With reputations and reimbursement rates at stake, healthcare facilities are taking a closer look at how to best reduce hospital-acquired infections
By Kassandra Kania
As the economic burden of hospital-acquired infections (HAI) continues to grow, more healthcare facilities are ramping up efforts to lower their HAI rates — with the ultimate goal of eradicating nosocomial infections completely. Medicare and Medicaid will not cover hospital-acquired infections, but these government restrictions are not the only catalyst for change: Consumers can now access state HAI records online and use that information to make hospital choices.
Today, the most common hospital-acquired infections are Methicillin-resistant Staphylococcus aureus (MRSA), vancomycin-resistant enterococci (VRE), and Clostridium difficile (C. diff) — bacteria that live in the body and are resistant to certain antibiotics. This resistance makes infection challenging to treat and poses special risks for people who are ill. According to environmental services managers, hospital-acquired infections are associated with the over-prescription of antibiotics.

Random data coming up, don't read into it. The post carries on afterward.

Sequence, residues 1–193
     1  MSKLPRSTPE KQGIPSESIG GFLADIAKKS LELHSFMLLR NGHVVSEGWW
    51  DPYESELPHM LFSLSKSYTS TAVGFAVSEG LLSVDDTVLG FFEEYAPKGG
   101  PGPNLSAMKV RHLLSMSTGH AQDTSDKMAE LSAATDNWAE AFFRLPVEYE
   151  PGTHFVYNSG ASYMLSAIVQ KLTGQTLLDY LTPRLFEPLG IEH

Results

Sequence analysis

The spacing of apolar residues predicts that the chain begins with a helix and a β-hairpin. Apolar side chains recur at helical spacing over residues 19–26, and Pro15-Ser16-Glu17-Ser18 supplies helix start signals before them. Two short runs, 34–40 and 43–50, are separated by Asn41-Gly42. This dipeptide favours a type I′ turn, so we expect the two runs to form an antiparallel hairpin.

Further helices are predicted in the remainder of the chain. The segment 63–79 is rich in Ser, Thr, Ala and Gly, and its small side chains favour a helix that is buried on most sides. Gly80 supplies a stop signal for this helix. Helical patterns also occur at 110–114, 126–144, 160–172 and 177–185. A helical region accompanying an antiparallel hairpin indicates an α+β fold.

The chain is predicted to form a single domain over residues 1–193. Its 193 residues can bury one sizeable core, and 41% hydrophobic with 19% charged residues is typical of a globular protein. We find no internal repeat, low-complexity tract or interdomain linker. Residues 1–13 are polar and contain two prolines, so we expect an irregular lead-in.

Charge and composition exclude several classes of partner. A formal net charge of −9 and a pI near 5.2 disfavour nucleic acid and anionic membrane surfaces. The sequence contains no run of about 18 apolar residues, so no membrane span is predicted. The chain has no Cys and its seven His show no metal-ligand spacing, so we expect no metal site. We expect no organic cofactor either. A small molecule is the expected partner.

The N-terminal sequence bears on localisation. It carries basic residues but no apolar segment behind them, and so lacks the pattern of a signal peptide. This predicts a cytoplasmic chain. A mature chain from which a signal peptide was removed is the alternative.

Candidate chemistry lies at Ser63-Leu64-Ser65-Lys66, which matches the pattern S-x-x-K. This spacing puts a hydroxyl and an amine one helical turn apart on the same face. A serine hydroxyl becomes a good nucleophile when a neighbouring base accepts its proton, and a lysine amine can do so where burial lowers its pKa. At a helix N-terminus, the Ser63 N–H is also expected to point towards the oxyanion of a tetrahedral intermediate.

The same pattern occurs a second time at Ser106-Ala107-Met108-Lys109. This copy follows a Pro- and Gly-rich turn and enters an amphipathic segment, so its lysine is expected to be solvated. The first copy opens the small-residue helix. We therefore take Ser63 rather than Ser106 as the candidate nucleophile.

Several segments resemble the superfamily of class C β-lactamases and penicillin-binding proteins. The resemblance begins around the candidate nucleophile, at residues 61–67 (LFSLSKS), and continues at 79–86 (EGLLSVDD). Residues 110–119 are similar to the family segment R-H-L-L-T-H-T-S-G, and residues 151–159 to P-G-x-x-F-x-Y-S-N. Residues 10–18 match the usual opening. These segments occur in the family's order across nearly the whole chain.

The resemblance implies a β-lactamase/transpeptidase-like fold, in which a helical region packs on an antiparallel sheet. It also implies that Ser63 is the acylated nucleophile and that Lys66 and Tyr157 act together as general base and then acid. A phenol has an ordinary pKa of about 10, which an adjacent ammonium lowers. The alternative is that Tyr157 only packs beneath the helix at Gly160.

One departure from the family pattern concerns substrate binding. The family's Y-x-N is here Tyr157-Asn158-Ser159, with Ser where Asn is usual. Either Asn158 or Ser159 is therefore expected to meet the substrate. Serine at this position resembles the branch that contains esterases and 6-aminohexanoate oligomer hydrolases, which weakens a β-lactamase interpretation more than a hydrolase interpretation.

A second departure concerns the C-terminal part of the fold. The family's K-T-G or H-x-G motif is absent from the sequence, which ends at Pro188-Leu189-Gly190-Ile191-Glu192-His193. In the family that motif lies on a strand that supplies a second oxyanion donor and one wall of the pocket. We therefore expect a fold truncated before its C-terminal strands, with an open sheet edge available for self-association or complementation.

“We’re in a society where we just want to give a prescription and medicate,” says Laurie Tostenson, training and quality assurance manager for the housekeeping department of Dartmouth-Hitchcock Medical Center, Lebanon, N.H. “When used appropriately, antibiotics are a good thing. But when your normal intestinal flora is disturbed by antibiotics, it can have a negative impact on some patients.”
Kassandra Kania is a freelance writer based in Charlotte, N.C.